Magazine article The Spectator

God Bless Johnny Rotten

Magazine article The Spectator

God Bless Johnny Rotten

Article excerpt

I used to hate those smug, middle-class couples who would proudly announce: 'Oh we never watch television - it's all rubbish and frankly, we haven't got the time. Rupert's getting on with his book about Proust, I've got my Open University degree and Sebastian is far too busy with his prep and his flute practice to have time to waste watching the goggle-box.' I always worried about little Sebastian, cruelly cut off from his peers because he had no knowledge whatsoever of what was going on in Neighbours.

But in recent years I have frequently heard myself saying 'Oh I never watch the telly anymore,' and what's more it's almost true. I've even given up Newsnight. My job involves going out to watch stuff four or five nights a week and the idea of watching something else when I get home has become increasingly unattractive. Not that I do anything useful, mind you. My idea of a perfect weekday evening is a decent 90-minute play that gets you home before ten, followed by several hours in my reclining armchair, getting through an improbable number of cigarettes and mugs of tea with the CD player turned on and my mind turned off. It's like transcendental meditation, only ten times more enjoyable and, I fancy, beneficial.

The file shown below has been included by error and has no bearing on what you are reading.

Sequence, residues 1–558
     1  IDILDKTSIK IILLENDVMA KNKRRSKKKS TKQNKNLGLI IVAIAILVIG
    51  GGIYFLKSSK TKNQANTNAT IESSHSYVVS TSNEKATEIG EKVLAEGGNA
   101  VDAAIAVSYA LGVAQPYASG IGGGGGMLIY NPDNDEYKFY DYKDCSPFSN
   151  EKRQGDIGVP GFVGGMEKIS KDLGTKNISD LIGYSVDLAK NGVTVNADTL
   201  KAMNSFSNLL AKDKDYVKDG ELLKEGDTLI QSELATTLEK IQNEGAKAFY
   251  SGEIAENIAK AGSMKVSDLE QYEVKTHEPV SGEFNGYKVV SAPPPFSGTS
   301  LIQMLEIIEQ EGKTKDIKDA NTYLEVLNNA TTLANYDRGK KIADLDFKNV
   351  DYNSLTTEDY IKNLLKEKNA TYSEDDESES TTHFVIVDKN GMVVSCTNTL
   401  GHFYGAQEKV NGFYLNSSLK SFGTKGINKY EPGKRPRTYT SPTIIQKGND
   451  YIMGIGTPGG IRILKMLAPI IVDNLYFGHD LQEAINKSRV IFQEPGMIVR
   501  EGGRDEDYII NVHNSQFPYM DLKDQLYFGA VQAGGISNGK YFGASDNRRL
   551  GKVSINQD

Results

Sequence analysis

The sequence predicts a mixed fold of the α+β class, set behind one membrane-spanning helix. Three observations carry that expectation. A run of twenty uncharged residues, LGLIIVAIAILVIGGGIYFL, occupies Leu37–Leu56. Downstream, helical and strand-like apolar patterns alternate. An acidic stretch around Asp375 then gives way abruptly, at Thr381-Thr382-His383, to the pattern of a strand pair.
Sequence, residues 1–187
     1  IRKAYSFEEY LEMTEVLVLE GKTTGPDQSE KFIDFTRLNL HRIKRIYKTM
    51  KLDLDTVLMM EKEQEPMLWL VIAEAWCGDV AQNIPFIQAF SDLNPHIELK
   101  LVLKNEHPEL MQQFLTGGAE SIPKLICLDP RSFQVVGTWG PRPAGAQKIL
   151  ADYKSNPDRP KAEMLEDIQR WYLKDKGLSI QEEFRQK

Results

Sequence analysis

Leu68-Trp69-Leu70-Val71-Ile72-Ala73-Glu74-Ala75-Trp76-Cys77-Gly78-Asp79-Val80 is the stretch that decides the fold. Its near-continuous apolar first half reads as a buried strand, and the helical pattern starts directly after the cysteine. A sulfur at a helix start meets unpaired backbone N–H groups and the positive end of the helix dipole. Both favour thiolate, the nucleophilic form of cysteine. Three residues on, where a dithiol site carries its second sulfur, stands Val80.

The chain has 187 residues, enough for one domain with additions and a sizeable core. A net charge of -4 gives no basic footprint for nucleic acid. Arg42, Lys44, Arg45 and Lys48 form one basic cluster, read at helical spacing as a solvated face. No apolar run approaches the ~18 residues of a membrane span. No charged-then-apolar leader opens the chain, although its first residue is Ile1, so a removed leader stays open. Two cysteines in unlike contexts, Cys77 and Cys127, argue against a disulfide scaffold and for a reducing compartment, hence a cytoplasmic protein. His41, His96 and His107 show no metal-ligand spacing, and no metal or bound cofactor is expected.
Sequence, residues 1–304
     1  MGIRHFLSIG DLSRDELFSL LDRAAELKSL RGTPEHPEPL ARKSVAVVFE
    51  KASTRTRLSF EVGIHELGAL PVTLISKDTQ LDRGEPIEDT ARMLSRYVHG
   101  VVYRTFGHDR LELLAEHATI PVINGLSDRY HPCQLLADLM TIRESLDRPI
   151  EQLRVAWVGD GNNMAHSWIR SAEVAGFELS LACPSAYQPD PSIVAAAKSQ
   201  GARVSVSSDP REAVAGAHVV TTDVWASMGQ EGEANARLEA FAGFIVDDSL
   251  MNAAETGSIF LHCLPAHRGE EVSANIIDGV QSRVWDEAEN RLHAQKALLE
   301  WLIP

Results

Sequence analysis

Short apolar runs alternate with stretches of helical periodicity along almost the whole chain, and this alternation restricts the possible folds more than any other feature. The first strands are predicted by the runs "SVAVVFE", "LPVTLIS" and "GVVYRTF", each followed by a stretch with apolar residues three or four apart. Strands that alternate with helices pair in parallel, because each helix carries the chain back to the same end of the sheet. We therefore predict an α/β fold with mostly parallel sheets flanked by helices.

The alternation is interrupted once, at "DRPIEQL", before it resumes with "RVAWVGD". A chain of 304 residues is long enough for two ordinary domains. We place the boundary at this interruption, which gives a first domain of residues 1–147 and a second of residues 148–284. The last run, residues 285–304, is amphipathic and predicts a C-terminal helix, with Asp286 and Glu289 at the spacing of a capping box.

But like little Sebastian I do sometimes feel left out when people start banging on about allegedly wonderful TV programmes like The Sopranos and The Office that I've never seen. Sometimes I think I might give them a go, but frankly the chair in my study upstairs is more comfortable than the sofa in the sitting room, and Mrs Spencer has in any case instituted a complete ban on smoking downstairs. So I remain faithful to Golden Virginia, PG Tips, Al Green, the Grateful Dead and Murray Perahia.

But with the whole country apparently in thrall to I'm a Celebrity . . . Get Me Out of Here and even the Daily Telegraph devoting yards of space to the inane antics in the Australian jungle, I thought I ought to see what it was like. I turned it on one evening and caught Jordan, that artificial archetype of pneumatic bliss, and a near-hysterical bimbo from Atomic Kitten (the eventual winner, the DT reports as I write) being forced to eat a variety of disgusting insects, and felt almost as sick as they did. As I stumped grumpily back up to my study I'm pretty sure the words 'decline of civilisation as we know it' passed my lips.

Still, I had caught a glimpse of Johnny Rotten, being as bolshily entertaining as ever, and clearly regarding the proceedings in general, and Jordan in particular ('that Page Three blow-up balloon'), with admirable contempt. …

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